“As for you, you meant evil against me, but God meant it for good, to bring it about that many people should be kept alive, as they are today.”
My younger sister and I have never had much of a sibling rivalry. I suspect it was lack of imagination rather than anything else, but mostly we were pretty good to each other. Apparently I once made some comment about taking all the good genes and leaving her the dross—which she continues to remind me of—but nothing really major went on.
Joseph’s brothers, on the other hand, were not so restrained. Joseph’s technicolor dreamcoat1 brought about rather incredible jealousy and evil in them. In their rage against their own brother they were driven to greed, slavery, and deception of the highest order.
When the full course of events is revealed many years later, however, with Joseph all but on the throne in Egypt, he appears remarkably positive (Gen 45:4-8). Joseph’s words of forgiveness and joy in being reunited with his family comfort his brothers… for a while, at least. Once their father Jacob is dead, they once more fear retribution, and for the first time confess their sin and seek forgiveness (50:15ff.).
In the face of all of this—the family history of jealousy, infighting, deception and evil, leading to fear and doubt so many years later—Joseph reassures his brothers by pointing to the grandest vision of all: the plan of God. Despite the malice intended and enacted by his brothers, God overruled their actions to such an extent that he brought about good to many. His brothers meant evil against Joseph, but those very same thoughts God took and turned for good.
The good that God brought about was the survival of many people (v. 20). This group of people certainly includes Jacob’s family, who survived because of Joseph. (Actually, they survived because of what God did with and through Joseph, despite the suffering he went through at the hands of his family.)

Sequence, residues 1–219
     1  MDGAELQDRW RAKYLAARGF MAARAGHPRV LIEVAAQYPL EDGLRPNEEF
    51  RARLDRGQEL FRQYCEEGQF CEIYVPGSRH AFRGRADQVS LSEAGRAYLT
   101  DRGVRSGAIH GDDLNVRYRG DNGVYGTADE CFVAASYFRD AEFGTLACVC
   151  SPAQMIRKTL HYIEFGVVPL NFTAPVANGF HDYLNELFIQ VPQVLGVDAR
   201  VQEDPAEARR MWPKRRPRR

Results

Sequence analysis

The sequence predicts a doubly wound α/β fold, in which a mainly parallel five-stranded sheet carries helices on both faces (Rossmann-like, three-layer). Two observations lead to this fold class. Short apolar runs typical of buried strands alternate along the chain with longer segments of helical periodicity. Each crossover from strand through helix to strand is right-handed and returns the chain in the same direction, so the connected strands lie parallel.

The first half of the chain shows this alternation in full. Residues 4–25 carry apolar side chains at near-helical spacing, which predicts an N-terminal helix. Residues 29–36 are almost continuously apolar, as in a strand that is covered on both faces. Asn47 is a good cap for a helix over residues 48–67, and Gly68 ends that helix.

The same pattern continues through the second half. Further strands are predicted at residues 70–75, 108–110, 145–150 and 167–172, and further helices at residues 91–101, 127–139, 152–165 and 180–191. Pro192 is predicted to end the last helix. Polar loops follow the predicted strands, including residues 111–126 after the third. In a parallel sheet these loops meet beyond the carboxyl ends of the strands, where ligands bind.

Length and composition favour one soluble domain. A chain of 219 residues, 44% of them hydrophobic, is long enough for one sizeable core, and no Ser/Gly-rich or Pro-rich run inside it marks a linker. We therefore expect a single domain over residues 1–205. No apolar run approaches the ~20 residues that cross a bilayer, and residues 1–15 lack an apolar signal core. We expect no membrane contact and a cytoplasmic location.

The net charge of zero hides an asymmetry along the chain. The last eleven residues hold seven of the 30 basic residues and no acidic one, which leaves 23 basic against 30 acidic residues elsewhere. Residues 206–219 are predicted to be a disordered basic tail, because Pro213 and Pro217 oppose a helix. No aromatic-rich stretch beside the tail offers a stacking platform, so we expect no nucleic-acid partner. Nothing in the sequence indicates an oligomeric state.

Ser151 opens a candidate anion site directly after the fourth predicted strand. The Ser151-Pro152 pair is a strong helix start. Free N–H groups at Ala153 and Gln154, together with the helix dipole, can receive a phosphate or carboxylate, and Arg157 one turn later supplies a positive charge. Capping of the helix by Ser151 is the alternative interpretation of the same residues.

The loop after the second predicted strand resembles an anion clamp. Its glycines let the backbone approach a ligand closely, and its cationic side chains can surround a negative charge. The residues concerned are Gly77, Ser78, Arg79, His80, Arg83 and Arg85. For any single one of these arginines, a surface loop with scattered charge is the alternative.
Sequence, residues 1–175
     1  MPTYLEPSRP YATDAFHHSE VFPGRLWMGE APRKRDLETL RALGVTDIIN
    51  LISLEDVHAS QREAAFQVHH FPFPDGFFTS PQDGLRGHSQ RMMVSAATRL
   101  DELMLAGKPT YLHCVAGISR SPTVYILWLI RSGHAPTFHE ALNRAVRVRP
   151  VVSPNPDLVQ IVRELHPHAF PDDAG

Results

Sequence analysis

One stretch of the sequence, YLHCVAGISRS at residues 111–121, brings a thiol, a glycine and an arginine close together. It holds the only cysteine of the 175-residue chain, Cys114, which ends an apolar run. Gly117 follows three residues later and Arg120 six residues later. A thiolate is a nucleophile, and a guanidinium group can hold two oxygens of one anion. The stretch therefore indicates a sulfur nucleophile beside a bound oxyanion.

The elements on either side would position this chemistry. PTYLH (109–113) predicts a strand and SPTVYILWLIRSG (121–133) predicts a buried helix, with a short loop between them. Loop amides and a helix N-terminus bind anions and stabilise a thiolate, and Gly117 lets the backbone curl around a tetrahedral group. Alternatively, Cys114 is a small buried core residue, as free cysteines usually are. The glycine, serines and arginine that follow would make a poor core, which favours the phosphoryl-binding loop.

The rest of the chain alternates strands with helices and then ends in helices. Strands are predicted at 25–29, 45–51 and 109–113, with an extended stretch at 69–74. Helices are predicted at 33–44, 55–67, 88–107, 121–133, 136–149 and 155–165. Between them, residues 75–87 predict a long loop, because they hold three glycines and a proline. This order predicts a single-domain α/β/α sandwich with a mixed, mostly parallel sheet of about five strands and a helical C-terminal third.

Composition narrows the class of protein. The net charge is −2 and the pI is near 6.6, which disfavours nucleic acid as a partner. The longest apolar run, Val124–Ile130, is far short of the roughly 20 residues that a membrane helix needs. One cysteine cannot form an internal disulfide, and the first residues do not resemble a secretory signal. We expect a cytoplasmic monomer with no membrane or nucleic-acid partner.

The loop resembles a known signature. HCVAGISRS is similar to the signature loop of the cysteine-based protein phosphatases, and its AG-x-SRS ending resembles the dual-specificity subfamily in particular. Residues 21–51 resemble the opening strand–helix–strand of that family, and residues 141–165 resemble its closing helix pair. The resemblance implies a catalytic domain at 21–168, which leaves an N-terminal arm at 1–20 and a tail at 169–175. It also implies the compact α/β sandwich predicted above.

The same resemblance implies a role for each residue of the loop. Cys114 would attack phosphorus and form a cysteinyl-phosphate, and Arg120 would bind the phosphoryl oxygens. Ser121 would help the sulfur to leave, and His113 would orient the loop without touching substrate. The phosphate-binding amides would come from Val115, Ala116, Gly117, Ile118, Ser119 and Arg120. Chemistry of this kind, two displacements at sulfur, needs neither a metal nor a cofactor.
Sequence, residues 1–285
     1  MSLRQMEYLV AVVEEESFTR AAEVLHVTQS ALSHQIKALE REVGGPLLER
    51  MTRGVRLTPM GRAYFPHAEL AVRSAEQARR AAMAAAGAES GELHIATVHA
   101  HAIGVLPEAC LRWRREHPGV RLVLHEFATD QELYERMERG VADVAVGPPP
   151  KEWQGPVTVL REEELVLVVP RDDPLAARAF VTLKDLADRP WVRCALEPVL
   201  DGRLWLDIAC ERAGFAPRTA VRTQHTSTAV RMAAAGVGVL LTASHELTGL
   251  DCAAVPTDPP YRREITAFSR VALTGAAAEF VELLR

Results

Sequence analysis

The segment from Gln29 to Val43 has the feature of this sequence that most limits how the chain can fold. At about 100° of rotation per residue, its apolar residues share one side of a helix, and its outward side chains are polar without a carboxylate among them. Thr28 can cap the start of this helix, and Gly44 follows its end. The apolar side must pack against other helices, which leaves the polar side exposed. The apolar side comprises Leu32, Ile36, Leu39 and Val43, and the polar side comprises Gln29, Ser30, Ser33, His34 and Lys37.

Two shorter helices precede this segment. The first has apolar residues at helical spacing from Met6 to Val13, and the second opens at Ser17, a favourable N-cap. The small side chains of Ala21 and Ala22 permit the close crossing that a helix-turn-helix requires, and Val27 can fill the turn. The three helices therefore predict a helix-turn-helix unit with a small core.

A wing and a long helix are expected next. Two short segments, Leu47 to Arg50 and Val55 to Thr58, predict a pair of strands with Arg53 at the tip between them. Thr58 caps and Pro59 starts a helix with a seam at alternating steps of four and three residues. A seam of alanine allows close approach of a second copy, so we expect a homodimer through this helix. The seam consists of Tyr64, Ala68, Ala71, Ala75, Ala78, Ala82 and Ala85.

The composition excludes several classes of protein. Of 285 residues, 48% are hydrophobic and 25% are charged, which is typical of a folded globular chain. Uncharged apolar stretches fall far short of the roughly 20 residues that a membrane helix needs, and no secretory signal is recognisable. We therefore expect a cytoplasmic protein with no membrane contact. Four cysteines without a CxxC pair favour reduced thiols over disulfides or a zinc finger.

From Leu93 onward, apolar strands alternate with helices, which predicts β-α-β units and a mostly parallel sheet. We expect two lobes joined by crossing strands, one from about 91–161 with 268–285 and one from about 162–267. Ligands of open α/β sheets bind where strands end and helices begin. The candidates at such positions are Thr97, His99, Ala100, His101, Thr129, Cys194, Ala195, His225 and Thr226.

But the good that God does through Joseph extends further than Jacob’s family. “The whole earth” came to Egypt to find food because of the widespread severe famine (41:57), echoing the promises God made to Abraham. God said that in Abraham all the nations of the earth would be blessed, and here in Joseph that promise sees fruit. Through Joseph’s shrewd economic management (brought about by his God-given interpretation of Pharaoh’s dreams), many people from Egypt and the surrounding nations were saved from famine and blessed with sustenance and longer life.
Ultimately, because of the lives saved during that time, God’s blessing reaches out beyond the circumstances of Egypt. The line of Judah (Joseph’s brother) reaches down to Jesus, to the fulfilment of the promises to the patriarchs: people from all nations will receive the blessings of God in Christ alone.
It’s not just the result of this series of events (i.e. a good outcome) that establishes a pattern that Jesus fulfils. The process is important too. Joseph tells his brothers that God brought about good despite and through the terrible hardship he experienced. God used the evil actions of others, directed against one man—actions that brought about severe suffering—to not only exalt himself but also to pour out blessings on others.
Judas Iscariot is to Jesus what Joseph’s brothers were to Joseph, as are the Jewish authorities who crucified Jesus. They are both evil and important, in that their wicked actions are what God uses to work out his divine will. Peter makes this abundantly clear in his speeches in Acts, for example:
“Let all the house of Israel therefore know for certain that God has made him both Lord and Christ, this Jesus whom you crucified.” (Acts 2:36)
The plots, lies, treachery, and brutality brought against Jesus were terrible. But they could not and did not thwart God’s plan, established before the creation of the world: to bring his children into his kingdom and glorify his Son.
If that is true for the most significant event in history, how can it not be true for the lesser moments of our lives? God is so totally in control of his creation, in a way so far beyond the knowledge and experience of mere mortals such as you and me, that he can use anything to bring about his purposes. He can even use the wicked and rebellious actions of people seeking harm, and turn them out for good.
It doesn’t make evil less evil. But evil can never thwart God.
- Technically, probably a coat with long sleeves (Gen 37:3-4) indicating special status and less requirement to perform manual labour, and associated dreams of supremacy over his brothers (Gen 37:5-11). Broadway’s term admittedly has more punch. ↩